It takes two to Thucydides

There has been a lot of talk of late in the security and international relations community about the Thucydides trap, and more specifically that China and the US find themselves in one. But there are two important problems with the way the maxim is being used that have more than just academic

Australia's new cyber ambassador

This morning, Prime Minister Malcolm Turnbull launched Australia's new cyber strategy, the first in seven years. Much has changed in that time in the world of cyber, and the internet in general. The strategy does a decent job in catching Australia up. The new strategy and review calls for the

Japan's submarine bid looks sunk

Yesterday the ABC's Chris Uhlmann delivered the scoop that federal cabinet had all but rejected Japan's bid to build 12 new submarines for the Royal Australian Navy. The Australian's Brendan Nicholson reinforced the story today, and last weekend Hamish Mcdonald had a piece along similar lines,

China's doves break cover to criticise foreign policy

The Global Times is one of the favourite publications for Western journalists and pundits on China. The nationalist tabloid is known for its hawkish stance and colourful English language. If you are looking for a punchy quote, the Global Times never disappoints. The paper’s editor-in-chief Hu

Turnbull's trip to China: A dereliction of duty?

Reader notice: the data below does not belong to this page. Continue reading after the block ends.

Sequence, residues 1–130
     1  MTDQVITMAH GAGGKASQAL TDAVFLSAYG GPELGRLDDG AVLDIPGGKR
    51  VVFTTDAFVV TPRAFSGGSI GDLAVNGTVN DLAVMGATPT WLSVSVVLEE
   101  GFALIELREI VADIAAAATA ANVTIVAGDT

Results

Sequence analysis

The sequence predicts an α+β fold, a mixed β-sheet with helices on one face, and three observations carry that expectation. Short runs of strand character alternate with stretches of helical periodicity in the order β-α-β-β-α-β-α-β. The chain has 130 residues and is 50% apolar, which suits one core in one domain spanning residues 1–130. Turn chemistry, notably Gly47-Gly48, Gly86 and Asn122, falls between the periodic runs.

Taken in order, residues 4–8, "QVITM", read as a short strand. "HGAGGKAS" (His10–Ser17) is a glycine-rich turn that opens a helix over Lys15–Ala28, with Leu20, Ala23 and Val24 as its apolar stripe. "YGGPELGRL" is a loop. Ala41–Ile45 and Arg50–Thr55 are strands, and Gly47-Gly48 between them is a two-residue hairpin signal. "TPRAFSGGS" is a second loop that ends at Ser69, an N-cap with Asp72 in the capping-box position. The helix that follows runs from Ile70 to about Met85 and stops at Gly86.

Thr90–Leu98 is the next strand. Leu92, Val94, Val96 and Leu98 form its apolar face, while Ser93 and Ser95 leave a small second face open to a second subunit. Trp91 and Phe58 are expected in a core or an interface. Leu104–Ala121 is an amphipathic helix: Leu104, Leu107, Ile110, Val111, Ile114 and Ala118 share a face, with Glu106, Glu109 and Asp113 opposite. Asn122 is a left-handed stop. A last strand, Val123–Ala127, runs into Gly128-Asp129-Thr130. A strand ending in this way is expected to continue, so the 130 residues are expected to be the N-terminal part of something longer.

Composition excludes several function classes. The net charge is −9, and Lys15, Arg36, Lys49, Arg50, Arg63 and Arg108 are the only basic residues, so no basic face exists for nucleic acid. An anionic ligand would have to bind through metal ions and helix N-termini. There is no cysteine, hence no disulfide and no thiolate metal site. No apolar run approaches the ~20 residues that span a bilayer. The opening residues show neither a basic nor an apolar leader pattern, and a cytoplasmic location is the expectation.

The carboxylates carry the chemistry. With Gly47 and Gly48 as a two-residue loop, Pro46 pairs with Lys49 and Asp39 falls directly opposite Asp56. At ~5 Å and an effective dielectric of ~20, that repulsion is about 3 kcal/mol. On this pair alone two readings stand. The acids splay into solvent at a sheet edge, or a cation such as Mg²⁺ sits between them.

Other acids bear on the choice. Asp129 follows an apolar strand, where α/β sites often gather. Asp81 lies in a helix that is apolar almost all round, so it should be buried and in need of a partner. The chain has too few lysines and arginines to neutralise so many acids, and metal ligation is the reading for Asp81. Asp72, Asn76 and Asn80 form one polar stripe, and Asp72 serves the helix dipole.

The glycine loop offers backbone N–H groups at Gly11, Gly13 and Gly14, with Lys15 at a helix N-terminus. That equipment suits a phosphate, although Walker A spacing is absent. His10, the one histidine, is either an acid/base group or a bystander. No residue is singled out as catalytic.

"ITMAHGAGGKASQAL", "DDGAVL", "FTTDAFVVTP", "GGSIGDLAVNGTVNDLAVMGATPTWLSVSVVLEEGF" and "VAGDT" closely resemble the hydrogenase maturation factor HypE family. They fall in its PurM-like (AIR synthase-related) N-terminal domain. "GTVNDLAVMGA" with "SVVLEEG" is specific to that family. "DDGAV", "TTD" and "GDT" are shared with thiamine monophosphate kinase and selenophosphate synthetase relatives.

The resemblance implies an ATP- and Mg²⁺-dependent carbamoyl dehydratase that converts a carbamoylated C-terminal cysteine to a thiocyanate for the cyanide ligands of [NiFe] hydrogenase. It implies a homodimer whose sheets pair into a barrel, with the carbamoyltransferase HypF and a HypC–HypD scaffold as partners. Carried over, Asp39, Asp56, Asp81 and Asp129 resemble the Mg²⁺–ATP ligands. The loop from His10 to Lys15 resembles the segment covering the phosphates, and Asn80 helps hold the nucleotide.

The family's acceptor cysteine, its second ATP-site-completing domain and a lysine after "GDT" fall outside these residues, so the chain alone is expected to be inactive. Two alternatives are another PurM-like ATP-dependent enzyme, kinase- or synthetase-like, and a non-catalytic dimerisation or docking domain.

Let's put Mr Turnbull's diplomacy last week into context. While he was in China, US Defense Secretary Ashton Carter was in the Philippines talking up America's commitment to support Manila militarily against Beijing. At the same time, a senior Chinese general toured Beijing's bases in the Spraltys

Papua New Guinea's new economic reality

There’s a problem with having your economy as one of the world’s most dependent on the natural resources sector; when global commodity prices come down you come down with them. Mongolia, Timor-Leste and Laos, to name a few in our region, have all faced a dramatic change of fortunes in 2015. But

The Middle East: Beyond the sectarian divide

Many Western observers of the conflict in the Middle East see current events through a sectarian prism which has become the default tool to make sense of the violence that plagues the region. Even President Obama thinks what is happening in the region is 'rooted in conflicts that date back millennia

Subs and ships: The merits of domestic builds

Yesterday the government announced the commissioning of dozens of naval vessels. In an effort to stave off the industry 'valley of death' between major projects, planned construction of 12 offshore patrol vessels (OPVs) in South Australia will begin in 2018. In 2020, previously scheduled

China's nuclear weapons: Still a last resort?

Among Western analysts who watch China's military and strategic development, a debate has been raging for some time over the gap between China's actual military capability and its ambitious strategic concepts. There is no doubt that China's military capabilities are both growing and improving